Second, Instacart has started to position itself as an âas a serviceâ platform for almost every aspect of retail – delivery, micro-warehousing, curbside pickup, and more. which, especially the concept of micro-warehousing as a service, couldn’t be further from them. No matter how you slice it, it’s hard to be a company that says “yes” to everything.
Third, retailers have understood the situation. For example, retailers are desperate to reclaim their first-party relationships with their customers and deliver in-house to cut costs, and some of them have even started deploying delivery orchestration software that allows them to offer deliveries to several third parties. party services, instead of being beholden to a single vendor, relegating Instacart deliveries to long-term white label status forever.
Fourth, and finally, they have a young CEO at the helm, Fiji Simo, who spent 10 years at Facebook and whose experience is pretty much the furthest from operations and logistics, even in the metaverse.
All of this implies that Instacart is about to have a difficult year. Its valuation will suffer and, therefore, no one should be surprised when it becomes an acquisition target.
The likely buyers?
DoorDash, of course, as both have do the partnership dance already, and DoorDash also feels a lot further down on the next steps it will take to differentiate itself within the space, like open their own storefronts and building on its strong position in restaurant delivery.
And, finally, don’t be surprised if Walmart
Doug McMillon had the guts to buy something of much less strategic value before (Jet.com), so how do you say he would no longer pull the trigger for Instacart at the right price?
Prediction # 3 – The buy now, pay later craze gets even crazier
The BNPL craze took off like a rocket last summer when Square acquired Afterpay for $ 29 billion and hasn’t looked back since.
Adobe recently reported that BNPL sales jumped more than 400% last November compared to 2019. This is a surprising statistic to say the least, but which becomes even more surprising when one realizes that BNPL’s activity mainly takes place online at this point. Most of the retail trade, where between 80 and 90% of sales are made, that is to say in stores, is still relatively untouched by the BNPL trend.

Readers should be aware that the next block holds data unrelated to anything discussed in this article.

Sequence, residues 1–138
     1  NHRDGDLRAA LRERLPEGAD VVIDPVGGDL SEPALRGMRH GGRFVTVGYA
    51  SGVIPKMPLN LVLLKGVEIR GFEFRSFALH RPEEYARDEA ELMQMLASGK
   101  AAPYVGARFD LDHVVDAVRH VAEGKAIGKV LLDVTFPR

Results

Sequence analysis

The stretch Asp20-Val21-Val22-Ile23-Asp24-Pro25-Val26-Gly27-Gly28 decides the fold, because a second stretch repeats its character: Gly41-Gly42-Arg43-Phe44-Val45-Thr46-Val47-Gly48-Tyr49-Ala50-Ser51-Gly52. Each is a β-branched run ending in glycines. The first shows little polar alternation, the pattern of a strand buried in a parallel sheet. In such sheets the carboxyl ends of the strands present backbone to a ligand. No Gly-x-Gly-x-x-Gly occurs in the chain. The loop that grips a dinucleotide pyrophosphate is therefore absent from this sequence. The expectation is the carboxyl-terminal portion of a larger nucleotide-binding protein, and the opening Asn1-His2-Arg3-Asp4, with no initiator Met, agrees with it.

It is therefore only a matter of time before traditional retailers continue to realize that, first, BNPL is a superior credit instrument to traditional credit card financing when used and understood in the right way. , and second, they can start to look at ways to enable their customers to use it in their stores. the BNPL conversion impact in the online world is so huge it’s easy money to take once it hits the stores.
Smart retailers love Target have already started the process for this to happen. 2022 will be the year when many more retailers follow the trend.
Prediction # 4 – Bed Bath & Beyond’s
Private brand strategy is exposed
Bed Bath & Beyond CEO Mark Tritton arrived at the end of 2019 and told the world how he would transform Bed Bath & Beyond one new private label at a time.
However, the problem with this strategy, the one Tritton brought with him from his days as Director of Merchandising at Target, is that it is built on a false strategic premise – one called the “Product Problem.” which is the mistaken belief that if one retailer puts better products on their shelves than the next, people will come.
Well, they sure won’t, Ray. Scratch that off, Mark.
The reason is that, even though the private label products that are being introduced at Bed Bath & Beyond are all mind blowing, people will always start to buy more and more of these products online over time, which means that they on their own cannot function as store traffic. Drivers.
People often forget that Target’s private label products work well because they also work inside a bigger hook – Target’s one-stop-shop allure.
What is this attraction for Bed Bath & Beyond? The coupon?
Unfortunately, that answer is still undetermined, which is why in 2022, when the new private label lines are all put away and launched on the shelves, the sequel c Bed Bath & Beyond will soon turn to each other. , look and say collectively, âOh shit, what do we do now? Our strategy has no clothes.